As far as neighbor-love goes, Jesus expresses the obsession a little differently.  He doesn’t command self-love; he assumes it.  You do think all the time about how to take care of yourself.  Jesus simply points that out and says think about others the same way.  So to love is to cherish, treasure, be consumed with, be committed to.

Then Jesus adds a further commentary, “All the Law and the Prophets hang (are suspended from) these two commandments.”  That’s an interesting word picture.  It’s not like those two commandments are the foundation on which the others are built.  They are the pegs on which they hang.  There is a sense in which the greatest commandments are all you need.  But Jesus will not give his detractors a false pretense against him by hearing him say the rest of the Bible doesn’t matter.  It all matters because it all hangs together on the commands to love God and love neighbor.

Is it possible?

But is it possible to love God with all your heart and soul and mind, and to love your neighbor as yourself?  The third experience I had this week was listening to a CD college course in my car between Vermont and Pennsylvania on Monday.  Professor Phillip Cary of Eastern University used a story to summarize the gospel of Martin Luther, the sixteenth century Protestant reformer, that I found compelling.  I have adapted and expanded his story.

Imagine you have been adopted from an orphanage.  Up until now, your own background has been undisciplined, and your behavior vacillates between unruly and disrespectful.  Mostly you are just a kid who has never known anything but poverty and rejection until now.

One early summer day a wealthy couple comes to the orphanage and takes you home.  You ask your father, “What do you expect of me?”  He sternly gives you a list of do’s and don’ts and says, “You must obey me.” It takes a while, and you get a few whippings, but you never doubt you have been chosen and loved.  Your mother helps and encourages you, and your father disciplines you.  All this takes some adjustment, but overall you are humbled by the family and the privilege you now have.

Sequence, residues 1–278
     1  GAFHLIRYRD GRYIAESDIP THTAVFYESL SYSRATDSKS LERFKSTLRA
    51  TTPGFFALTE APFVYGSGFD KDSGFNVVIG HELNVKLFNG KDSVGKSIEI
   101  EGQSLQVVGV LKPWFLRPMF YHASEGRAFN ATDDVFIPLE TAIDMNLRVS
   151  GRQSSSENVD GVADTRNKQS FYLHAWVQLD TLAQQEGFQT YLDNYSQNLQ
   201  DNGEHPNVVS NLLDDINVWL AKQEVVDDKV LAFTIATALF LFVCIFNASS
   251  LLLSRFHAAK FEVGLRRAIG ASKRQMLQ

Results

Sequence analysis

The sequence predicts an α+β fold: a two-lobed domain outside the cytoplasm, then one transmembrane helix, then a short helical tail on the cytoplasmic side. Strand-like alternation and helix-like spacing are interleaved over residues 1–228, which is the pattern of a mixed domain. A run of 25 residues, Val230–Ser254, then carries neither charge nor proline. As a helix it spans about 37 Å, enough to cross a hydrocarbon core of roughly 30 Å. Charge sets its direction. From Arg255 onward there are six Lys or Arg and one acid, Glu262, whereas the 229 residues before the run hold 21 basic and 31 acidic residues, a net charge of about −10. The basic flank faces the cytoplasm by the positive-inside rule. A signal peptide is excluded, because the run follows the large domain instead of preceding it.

At the end of the summer, you find out your parents also have a biological son, whom your father adores.  Your brother has been gone all summer, but he’s coming back home.  That’s a surprise, and at first you are very jealous.   But your brother is kind and he welcomes you also into the family.  If you’re naughty, he scolds you – but he quickly forgives.  You still struggle with all those rules from your Dad, so you ask your brother, “What does father expect of us?”  Your older brother answers, “Really you can summarize all his rules two ways:  We must honor father and be kind to others.”

One day you and your brother are roughhousing as brothers do.  You accidentally push him down the stairs.  In a terrible fall, he breaks his neck, smashes his head, and dies.  Your mother tries to comfort you, but you are inconsolable.  You caused the death of your father’s only son.  Your father disappears from the home for a few days, and you assume he is dealing with his own grief and deciding what to do next.